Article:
Market research from the Wine Market Council, in its annual analysis of the American drinks market, provides more irrefutable evidence that the United States is becoming a wine culture. The country's drinking habits continue to move toward wine above beer and spirits, making it as the fastest-growing class of inebriates in the market.

One hundred million adults in the United States now say they are drinking wine on a regular basis, more than any other country, including Germany, France and Italy (whose per-capita consumption remains higher, of course). Americans are purchasing nearly 300 million cases annually, for a per-capita consumption of 3.08 gallons, the first time that figure has topped three gallons.

Fully one quarter of the U.S. population is now considered a “core” wine drinker, or someone who drinks wine on a regular basis, daily, weekly or monthly. (That number, 57% of the total number of wine drinkers, is itself higher than ever before, nearly double the number of core drinkers in 1994, when, it could be said, American interest in wine started to kick into another gear.)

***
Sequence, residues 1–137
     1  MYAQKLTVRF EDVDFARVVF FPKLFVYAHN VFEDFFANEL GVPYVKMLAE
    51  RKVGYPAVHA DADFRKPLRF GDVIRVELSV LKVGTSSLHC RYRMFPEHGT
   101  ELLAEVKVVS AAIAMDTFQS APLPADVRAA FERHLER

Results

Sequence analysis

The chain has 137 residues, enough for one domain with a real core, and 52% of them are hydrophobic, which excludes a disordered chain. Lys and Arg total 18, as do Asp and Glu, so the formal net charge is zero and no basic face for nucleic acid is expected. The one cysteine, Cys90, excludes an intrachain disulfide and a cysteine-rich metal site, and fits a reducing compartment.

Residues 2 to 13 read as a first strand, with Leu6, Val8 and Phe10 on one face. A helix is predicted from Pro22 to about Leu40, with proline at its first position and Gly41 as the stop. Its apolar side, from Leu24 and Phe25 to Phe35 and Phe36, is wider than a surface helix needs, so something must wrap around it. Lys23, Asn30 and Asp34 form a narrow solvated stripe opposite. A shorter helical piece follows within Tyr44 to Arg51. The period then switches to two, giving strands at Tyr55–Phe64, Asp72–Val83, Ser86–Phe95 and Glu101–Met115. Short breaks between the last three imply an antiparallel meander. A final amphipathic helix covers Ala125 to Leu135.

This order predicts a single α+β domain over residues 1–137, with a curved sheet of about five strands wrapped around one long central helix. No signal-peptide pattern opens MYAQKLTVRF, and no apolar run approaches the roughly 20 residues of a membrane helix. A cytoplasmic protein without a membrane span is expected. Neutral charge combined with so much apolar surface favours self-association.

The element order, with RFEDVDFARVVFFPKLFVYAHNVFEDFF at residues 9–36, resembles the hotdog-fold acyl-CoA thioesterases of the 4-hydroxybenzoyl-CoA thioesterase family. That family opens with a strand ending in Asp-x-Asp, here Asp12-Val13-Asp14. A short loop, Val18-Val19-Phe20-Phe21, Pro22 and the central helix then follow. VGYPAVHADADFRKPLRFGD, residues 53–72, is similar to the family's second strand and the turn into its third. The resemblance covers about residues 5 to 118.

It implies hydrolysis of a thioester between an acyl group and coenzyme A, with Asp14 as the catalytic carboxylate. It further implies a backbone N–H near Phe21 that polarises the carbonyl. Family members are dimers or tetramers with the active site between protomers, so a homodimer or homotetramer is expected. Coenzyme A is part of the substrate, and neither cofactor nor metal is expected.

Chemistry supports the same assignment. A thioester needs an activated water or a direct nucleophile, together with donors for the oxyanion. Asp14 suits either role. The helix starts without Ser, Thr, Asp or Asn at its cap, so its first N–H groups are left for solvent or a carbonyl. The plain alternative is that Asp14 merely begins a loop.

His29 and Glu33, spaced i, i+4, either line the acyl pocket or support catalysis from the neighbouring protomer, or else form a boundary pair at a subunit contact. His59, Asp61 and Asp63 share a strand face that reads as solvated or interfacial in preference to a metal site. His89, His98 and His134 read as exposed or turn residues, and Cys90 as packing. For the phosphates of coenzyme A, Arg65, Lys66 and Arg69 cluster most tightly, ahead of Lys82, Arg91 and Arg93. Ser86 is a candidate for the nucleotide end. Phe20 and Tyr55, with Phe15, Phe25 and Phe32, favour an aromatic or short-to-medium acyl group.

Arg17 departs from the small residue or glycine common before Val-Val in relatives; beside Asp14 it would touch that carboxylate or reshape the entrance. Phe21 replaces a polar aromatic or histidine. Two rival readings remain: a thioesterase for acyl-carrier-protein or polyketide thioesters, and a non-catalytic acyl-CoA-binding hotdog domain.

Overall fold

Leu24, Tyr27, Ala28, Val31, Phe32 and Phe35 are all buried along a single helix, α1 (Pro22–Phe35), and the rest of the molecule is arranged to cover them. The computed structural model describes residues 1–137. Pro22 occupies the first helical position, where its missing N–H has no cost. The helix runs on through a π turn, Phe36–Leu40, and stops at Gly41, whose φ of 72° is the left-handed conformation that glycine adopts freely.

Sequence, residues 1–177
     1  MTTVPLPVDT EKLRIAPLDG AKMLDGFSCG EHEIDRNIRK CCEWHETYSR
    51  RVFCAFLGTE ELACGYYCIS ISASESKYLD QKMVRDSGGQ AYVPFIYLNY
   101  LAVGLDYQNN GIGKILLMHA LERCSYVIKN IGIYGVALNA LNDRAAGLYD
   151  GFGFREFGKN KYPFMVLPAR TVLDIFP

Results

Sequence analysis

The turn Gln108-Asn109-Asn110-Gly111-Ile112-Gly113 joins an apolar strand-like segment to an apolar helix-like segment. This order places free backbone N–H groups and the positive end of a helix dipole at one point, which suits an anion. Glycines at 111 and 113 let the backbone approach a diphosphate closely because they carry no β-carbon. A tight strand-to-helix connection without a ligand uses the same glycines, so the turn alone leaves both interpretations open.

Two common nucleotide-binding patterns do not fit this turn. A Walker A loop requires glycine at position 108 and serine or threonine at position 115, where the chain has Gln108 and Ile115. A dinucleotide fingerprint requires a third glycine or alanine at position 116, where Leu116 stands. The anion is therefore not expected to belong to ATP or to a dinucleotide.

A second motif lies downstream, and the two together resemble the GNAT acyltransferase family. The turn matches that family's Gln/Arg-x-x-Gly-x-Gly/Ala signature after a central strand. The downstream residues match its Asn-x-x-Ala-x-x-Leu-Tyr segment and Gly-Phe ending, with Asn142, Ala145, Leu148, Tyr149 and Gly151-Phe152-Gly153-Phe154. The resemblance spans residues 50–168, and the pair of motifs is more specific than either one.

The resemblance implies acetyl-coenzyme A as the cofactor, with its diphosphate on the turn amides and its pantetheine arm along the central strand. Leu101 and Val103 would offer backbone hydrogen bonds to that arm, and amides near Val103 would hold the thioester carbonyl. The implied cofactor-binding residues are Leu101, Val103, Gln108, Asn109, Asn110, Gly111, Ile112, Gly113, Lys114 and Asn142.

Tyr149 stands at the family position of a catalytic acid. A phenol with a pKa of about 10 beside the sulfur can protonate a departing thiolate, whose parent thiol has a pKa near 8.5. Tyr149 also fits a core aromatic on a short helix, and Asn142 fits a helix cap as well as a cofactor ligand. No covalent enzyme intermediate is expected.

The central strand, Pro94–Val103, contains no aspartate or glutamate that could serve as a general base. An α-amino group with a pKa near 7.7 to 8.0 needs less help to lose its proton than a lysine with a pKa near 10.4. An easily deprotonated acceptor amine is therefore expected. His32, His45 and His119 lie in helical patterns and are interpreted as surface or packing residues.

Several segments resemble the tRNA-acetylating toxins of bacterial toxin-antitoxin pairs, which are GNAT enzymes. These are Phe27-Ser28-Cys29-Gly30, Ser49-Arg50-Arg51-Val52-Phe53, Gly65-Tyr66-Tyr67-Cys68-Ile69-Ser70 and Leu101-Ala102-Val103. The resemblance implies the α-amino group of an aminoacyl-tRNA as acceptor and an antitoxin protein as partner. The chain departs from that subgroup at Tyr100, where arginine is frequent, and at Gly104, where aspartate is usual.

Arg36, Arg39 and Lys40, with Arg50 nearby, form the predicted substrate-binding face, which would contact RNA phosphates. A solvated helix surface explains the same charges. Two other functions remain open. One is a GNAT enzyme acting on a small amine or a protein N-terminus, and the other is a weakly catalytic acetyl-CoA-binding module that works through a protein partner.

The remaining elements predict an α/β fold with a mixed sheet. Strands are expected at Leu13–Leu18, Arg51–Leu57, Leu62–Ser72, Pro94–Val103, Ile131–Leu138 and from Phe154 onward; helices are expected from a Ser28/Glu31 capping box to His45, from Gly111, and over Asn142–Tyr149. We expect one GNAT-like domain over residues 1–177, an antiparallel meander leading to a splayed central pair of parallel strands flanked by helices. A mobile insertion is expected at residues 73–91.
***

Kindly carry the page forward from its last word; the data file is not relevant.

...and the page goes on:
The Council also reports that the “core” is drinking better: More than half of consumers' purchases fall within the $15-$40 category, and nearly a third of all purchases now resides in the $30-$75 category — whether in wine bars, restaurants or off-premise wine shops.

Much of the new interest is coming from Millennials, some of whom aren't yet old enough to drink. Trends indicate, though, that when they reach the golden age, their beverage of choice won't be Budweiser. “The Millennial share of core wine drinkers continues to grow,” said John Gillespie, president of the Wine Market Council, “not only because 4 million them turned 21 this year, but also because more Millennials are in their late 20s and early to mid 30s, a stage in life where wine consumption often rises, as we have seen with the Baby Boomers and Gen X-ers before them.”

For California wineries, of course, whose product represents nearly a fifth of all wine consumed in this country, that is very heartening news.

Patrick Comiskey, our drinks columnist, blogs at and tweets at @patcisco. Want more Squid Ink? Follow us on Twitter or like us on Facebook.

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